Written & Directed by: Marc Meyers
Based on the book ‘My Friend Dahmer’ by: Derf Backderf
Produced by: Jody Girgenti, p.g.a., Marc Meyers, p.g.a., Adam Goldworm, p.g.a., Michael Merlob, Milan Chakraborty
Starring: Ross Lynch, Anne Heche, Dallas Roberts, Alex Wolff, Tommy Nelson, Vincent Kartheiser, Harrison Holzer and Miles Robbins.
Based on the true story of serial killer, Jeffrey Dahmer, My Friend Dahmer is a tense and creepy examination of Dahmer’s life before he became a murderer.
Reminiscent of the tone used in J. D. Salinger’s, ‘The Catcher in the Rye’ there’s a constant tension with signs of Dahmer’s compulsions apparent in his obsession of collecting road-kill to then soak in acid to collect the bones: external behaviour symptomatic of his increasingly disturbed mind.
Based on Derf Backderf’s critically acclaimed 2012 graphic novel, Derf writes from personal experience after attending high school with Dahmer. Before finding out about Dahmer’s confession, Derf (his character in the movie played by Alex Wolff) considered his high school experience to be like everyone else’s.
Film writer and director, Marc Meyers asks, ‘What are those forces in one’s life that sculpt and define us? How do we become who we become? Why does one teenager find promise and his friend, meanwhile, enters adulthood broken?’
This isn’t a violent or gory film, but a character study of suspense.
Following Dahmer (Ross Lynch) through senior-high, pre-1978, the audience is shown the typical teen struggles as the isolated, unusual Dahmer is adopted by a group of boys who find his antics hilarious.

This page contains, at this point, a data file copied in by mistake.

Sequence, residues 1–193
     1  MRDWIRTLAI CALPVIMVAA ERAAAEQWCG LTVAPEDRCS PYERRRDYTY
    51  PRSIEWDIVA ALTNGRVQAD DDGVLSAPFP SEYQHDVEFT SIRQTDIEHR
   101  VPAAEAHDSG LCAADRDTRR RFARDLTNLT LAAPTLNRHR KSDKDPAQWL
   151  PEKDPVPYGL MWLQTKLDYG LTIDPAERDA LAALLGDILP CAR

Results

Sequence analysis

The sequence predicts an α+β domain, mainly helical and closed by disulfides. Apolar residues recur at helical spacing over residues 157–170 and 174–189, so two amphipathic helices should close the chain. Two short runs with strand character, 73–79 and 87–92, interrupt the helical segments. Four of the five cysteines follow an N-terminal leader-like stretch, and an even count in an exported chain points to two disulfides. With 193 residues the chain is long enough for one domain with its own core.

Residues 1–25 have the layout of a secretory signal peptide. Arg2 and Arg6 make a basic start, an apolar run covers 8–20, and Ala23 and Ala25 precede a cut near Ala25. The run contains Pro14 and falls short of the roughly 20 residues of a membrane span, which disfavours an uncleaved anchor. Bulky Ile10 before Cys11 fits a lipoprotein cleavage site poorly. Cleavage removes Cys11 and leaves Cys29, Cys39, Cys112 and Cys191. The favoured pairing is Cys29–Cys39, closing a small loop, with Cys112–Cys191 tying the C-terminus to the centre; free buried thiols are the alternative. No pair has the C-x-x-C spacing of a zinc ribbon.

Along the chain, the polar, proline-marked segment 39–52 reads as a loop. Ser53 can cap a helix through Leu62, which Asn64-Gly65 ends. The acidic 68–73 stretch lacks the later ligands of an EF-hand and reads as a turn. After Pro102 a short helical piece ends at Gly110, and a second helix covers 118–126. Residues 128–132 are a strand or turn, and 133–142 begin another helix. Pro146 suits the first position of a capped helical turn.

Surrounded by girls ‘aggressively’ out of their league, team-Dahmer create a high-school legend as Dahmer throws epileptic-type fits in class, in the hallway; random moments that disturb and amuse. And the antics of making Dahmer their mascot is genuinely funny, in an adolescent kind of way.
That’s what’s so unsettling about the film: the ordinary nature of kids in school being typical.
Everyone grew up with a kid like Dahmer. But what was it that turned a kid-made-famous in school by chucking fits for attention, all for the entertainment of his new mates, into a serial killer, ultimately confessing to the murder of seventeen men and boys?
Meyer’s focusses on the characters, allowing the story to speak without flash, without overt violence like blurring the image of a gutted dog, the impression enough to evoke the heart-rending response.
This isn’t a true-crime investigation with detectives and interviews, instead, the depths of Dahmer are explored showing his struggle to connect, showing there’s wit and humour buried beneath the cold exterior.
You can see the tipping of his compulsions versus his want to be with friends changing depending on the difficulties he faces at home with his mother’s mental illness (outstanding performance of Joyce Dahmer by Anne Heche) and his parents divorcing.
His father, Lionel Dahmer (Dallas Roberts) tries to understand the bizarre behaviour of his kid, to make the effort to encourage change like buying Dahmer a set of weights to get him out of the road-kill death hut and to maybe meet a girl.
And you can see Dahmer trying yet failing to fight against his needs.
This kid is twisted and it’s difficult yet fascinating to watch.
There’s a curiousity out there, to watch the makings of a serial killer. But this isn’t one of those sensationalised dramatic thrills.
My Friend Dahmer is more of a quiet observation made all the more disturbing through a setting of the ordinary.
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